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Collaboration between start-ups and established companies – a model for success in Bavaria
When it comes to the successful development of cross-industry innovations, collaborations between start-ups and established companies in Bavaria are to a certain extent the no longer quite secret secret recipe. Numerous trade fairs and networking events promote such alliances – even between successful, long-established companies. All players generally benefit in the long term: innovation from the start-up scene meets specialist expertise that has been consolidated over the years. And this goes far beyond pure digitisation issues.
What types of collaboration exist? What opportunities are there in Bavaria? What kind of support do start-ups and established companies get when they enter into a collaboration? You can read all about this in this blog.
Bavarian start-ups as drivers of innovation: the advantages of collaboration for established companies
Start-ups and young companies are clear drivers of innovation. Turning an idea into a new solution is what they do best. A drive from which established companies in particular can benefit: a collaboration often brings with it new technologies and a different perspective, alongside fresh ideas. Mastering future challenges together is an important focus, especially in Bavaria. This recently became apparent during the crisis by the , which aims, among other things, to protect entrepreneurial diversity in Bavaria.
Cross-industry collaborations are given a high priority in Bavaria. They sustainably strengthen the business location and create synergy effects with added value for everyone involved. It is not without reason that the is one of the best in Germany.
Growing together in Bavaria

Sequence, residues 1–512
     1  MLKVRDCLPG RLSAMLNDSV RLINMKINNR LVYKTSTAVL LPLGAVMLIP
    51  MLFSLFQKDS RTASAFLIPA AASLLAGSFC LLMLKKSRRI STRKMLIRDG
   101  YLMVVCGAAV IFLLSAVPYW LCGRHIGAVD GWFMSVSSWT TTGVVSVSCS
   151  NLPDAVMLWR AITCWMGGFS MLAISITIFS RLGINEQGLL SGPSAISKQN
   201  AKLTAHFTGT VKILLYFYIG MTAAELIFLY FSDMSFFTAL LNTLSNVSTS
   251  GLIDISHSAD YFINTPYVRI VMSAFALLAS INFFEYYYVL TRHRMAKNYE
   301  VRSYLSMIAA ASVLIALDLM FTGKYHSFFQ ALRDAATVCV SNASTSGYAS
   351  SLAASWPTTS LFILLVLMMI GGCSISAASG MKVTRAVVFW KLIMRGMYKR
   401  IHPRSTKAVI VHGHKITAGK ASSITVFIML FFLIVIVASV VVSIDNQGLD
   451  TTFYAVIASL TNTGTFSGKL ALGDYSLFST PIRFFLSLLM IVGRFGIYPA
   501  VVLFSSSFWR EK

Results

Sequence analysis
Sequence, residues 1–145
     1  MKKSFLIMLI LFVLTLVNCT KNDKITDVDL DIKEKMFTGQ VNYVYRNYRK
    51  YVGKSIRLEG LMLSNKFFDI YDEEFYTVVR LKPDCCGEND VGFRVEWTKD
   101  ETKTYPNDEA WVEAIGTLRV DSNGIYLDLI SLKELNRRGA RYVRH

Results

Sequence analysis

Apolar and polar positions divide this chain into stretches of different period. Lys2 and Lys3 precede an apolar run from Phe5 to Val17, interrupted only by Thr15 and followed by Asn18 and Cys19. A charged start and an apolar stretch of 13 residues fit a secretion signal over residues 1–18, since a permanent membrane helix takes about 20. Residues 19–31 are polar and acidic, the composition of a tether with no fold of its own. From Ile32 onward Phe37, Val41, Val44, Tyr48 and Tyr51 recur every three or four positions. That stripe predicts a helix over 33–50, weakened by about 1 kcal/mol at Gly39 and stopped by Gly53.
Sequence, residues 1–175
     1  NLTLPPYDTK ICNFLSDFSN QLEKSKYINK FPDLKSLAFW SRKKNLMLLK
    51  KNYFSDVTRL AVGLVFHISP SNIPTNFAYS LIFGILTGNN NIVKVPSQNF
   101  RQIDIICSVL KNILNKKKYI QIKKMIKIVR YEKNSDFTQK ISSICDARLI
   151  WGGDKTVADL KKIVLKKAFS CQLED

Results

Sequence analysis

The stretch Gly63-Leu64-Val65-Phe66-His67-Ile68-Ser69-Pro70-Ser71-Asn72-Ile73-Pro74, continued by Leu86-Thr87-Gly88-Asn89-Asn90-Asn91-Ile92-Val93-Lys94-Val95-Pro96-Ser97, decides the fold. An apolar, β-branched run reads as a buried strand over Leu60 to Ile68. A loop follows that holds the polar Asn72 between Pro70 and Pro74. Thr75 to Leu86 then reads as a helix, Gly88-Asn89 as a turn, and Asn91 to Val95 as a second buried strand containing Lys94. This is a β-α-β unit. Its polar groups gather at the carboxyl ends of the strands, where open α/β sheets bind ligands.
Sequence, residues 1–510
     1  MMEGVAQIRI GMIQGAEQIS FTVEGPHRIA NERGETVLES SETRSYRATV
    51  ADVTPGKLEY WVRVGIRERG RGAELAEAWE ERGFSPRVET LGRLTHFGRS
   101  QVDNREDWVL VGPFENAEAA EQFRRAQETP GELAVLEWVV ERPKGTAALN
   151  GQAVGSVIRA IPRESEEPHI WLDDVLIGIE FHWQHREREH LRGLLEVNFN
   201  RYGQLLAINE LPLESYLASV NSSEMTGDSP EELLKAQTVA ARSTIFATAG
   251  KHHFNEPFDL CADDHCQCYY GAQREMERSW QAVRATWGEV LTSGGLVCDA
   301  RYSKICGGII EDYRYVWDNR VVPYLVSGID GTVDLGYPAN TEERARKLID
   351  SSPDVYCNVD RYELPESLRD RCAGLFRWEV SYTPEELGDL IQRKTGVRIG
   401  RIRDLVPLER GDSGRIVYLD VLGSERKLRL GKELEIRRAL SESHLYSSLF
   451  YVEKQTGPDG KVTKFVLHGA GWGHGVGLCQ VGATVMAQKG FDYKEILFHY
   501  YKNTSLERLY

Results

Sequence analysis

Regardless of whether it is a large corporation or an SME firmly established on the market, Bavaria has a solid network within the various sectors, research institutions and between existing companies. Start-ups can take advantage of this network by collaborating on equal terms. Even when it comes to conquering established markets with (disruptive) innovations, existing processes as well as operational structures and the infrastructure are sometimes important to drive future solutions. Start-ups also benefit from their established collaboration companies’ many years of experience and industry knowledge.
Overview of different types of collaboration for companies
There are basically many different ways of entering into partnerships in Bavaria. For example, there is a large network of . These offer start-ups the opportunity to come into contact with established companies and enter into collaborations. These are also these options:
- Direct Sourcing: A start-up is commissioned directly for a project.
- Internal Innovation Units: A start-up forms an internal innovation unit within an existing company.
- Corporate Incubator: Mostly set up by companies themselves to drive innovation in their industry. Bavarian examples include BMW Start-up Garage or ESA Business Incubator Centre Bavaria
- External Subsidiary: A subsidiary company of a large corporation is looking for a collaboration partner, usually a start-up, whose idea is then adapted to the parent company.
- Entrepreneurial Co-Creation Model: An existing company’s new market segments are developed and implemented with the help of an “Advisory Board for Co-Determination”, which consists of internal developers, members of the board of directors and external companies.
Finding the right type of collaboration for your company
So in Bavaria there are numerous opportunities for collaboration between start-ups and established companies – the question remains how to find the right type for you. Whether you’re a founder, young entrepreneur or global player, these questions are usually of great importance to those involved:
- Which goals are to be achieved? For which problem do you need a solution?
- What kind of access do you get through the collaboration?
- Which framework conditions must be maintained, which ones must be newly created?
By answering these questions, it is possible to define what expectations both sides have beforehand. The appropriate form of collaboration can then subsequently be found.
- by Julian Hechler
- Marketing & Communication
- View author's other articles